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Citing gap, O'Malley urges Md. superintendents to cut costs

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By Nelson Hernandez and John Wagner
Wednesday, October 21, 2009

With Maryland facing a $2 billion budget shortfall next year, Gov. Martin O'Malley warned the chiefs of the state's school systems Tuesday of hard times ahead, and the Senate president told them that they were "going to have to start taking a portion of the hit."

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Speaking in Annapolis to a gathering of the Public School Superintendents Association of Maryland, O'Malley (D) urged the heads of the county's 24 school jurisdictions to find ways to save money but maintain the quality that earned the state a No. 1 ranking in a national survey by the Education Week trade newspaper.

O'Malley's cost-saving suggestions included creating a school building design that could be used across the state, buying furniture from the state prison industry and installing solar panels on roofs to generate energy.

But he offered few specifics about what cuts the superintendents might expect in state funding even as he repeatedly stressed the challenge of chopping $2 billion from a $13 billion budget.

"There's nothing that focuses the mind like our own execution, is there?" O'Malley said.

Speaking after O'Malley, Senate President Thomas V. Mike Miller Jr. (D-Calvert) said the state's funding for education is "not sustainable" and spoke of his well-known desire to shift the burden of teacher pension costs from the state to the counties. Talking to reporters afterward, he said a complete shift of the responsibility is not likely.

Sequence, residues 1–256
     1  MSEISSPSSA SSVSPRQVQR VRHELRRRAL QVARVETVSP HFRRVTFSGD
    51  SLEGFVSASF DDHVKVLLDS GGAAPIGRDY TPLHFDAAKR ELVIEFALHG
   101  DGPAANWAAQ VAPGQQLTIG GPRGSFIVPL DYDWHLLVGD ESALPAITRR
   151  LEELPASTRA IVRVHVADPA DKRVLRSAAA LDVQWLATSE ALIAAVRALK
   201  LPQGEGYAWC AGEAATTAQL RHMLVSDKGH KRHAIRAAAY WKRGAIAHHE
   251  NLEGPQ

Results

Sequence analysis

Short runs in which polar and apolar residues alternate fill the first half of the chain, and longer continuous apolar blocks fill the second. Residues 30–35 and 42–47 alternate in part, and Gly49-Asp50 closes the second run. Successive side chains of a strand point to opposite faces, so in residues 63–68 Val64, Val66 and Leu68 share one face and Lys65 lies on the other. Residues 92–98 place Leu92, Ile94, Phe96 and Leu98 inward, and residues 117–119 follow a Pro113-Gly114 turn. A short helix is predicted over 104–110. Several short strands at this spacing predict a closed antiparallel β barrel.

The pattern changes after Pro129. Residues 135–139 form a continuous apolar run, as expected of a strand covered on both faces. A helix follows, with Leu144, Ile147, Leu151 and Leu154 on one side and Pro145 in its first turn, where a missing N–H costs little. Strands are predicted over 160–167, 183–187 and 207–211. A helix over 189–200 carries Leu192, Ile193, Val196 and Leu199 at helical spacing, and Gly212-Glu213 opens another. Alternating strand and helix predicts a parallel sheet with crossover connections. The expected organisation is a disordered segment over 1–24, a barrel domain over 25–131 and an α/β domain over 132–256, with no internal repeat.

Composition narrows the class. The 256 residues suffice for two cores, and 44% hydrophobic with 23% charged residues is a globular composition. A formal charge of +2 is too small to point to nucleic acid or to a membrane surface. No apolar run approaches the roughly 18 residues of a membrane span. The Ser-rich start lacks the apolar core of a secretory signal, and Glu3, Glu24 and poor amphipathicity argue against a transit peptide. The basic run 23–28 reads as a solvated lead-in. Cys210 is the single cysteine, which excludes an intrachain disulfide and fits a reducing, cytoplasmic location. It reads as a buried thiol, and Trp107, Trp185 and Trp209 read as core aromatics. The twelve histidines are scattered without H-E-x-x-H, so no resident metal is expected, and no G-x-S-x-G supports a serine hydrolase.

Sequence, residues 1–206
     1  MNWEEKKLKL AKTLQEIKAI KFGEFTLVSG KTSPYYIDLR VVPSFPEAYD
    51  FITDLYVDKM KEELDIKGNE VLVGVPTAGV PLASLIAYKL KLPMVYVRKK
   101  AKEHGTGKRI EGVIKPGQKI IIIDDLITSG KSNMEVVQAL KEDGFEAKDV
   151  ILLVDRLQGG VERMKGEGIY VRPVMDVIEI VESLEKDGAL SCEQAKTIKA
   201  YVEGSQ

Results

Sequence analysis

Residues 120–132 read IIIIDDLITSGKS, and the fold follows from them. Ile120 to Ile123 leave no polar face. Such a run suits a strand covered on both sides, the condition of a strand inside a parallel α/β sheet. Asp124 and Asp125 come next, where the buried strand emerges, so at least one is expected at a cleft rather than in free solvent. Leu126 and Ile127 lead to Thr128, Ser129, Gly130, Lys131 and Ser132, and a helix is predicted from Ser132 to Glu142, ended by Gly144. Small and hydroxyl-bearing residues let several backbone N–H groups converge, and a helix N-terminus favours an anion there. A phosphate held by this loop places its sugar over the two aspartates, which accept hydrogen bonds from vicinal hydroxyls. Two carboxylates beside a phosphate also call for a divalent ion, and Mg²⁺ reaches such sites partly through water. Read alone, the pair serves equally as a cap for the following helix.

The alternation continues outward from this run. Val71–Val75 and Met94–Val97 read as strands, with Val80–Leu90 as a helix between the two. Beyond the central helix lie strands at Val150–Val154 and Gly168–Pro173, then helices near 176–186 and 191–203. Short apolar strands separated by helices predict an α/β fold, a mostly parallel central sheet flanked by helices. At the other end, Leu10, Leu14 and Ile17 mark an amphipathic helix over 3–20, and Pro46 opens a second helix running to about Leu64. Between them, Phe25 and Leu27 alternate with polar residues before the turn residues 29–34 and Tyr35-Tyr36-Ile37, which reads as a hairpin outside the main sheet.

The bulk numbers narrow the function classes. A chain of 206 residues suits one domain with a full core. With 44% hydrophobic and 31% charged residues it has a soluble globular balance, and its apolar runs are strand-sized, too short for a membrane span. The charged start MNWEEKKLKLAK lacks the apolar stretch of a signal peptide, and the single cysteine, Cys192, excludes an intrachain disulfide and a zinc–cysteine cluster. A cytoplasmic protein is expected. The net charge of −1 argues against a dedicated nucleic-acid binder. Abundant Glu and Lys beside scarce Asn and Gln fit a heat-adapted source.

With the help of federal stimulus money, the state's schools have fared far better during tight budget times than other state-funded entities. As O'Malley put it: "Public education, K to 12, is the only member of the herd that hasn't taken a trip to the slaughterhouse."

O'Malley's proposal for fiscal 2011 is due to the legislature in January, and he is crafting another round of mid-year budget cuts in the meantime. O'Malley said he is hopeful that Congress will extend federal stimulus funding -- particularly a more generous match for state Medicaid programs -- which could provide relief to states in coming years.

"I'm hoping that the recession has run out by the time the stimulus runs out," O'Malley said.


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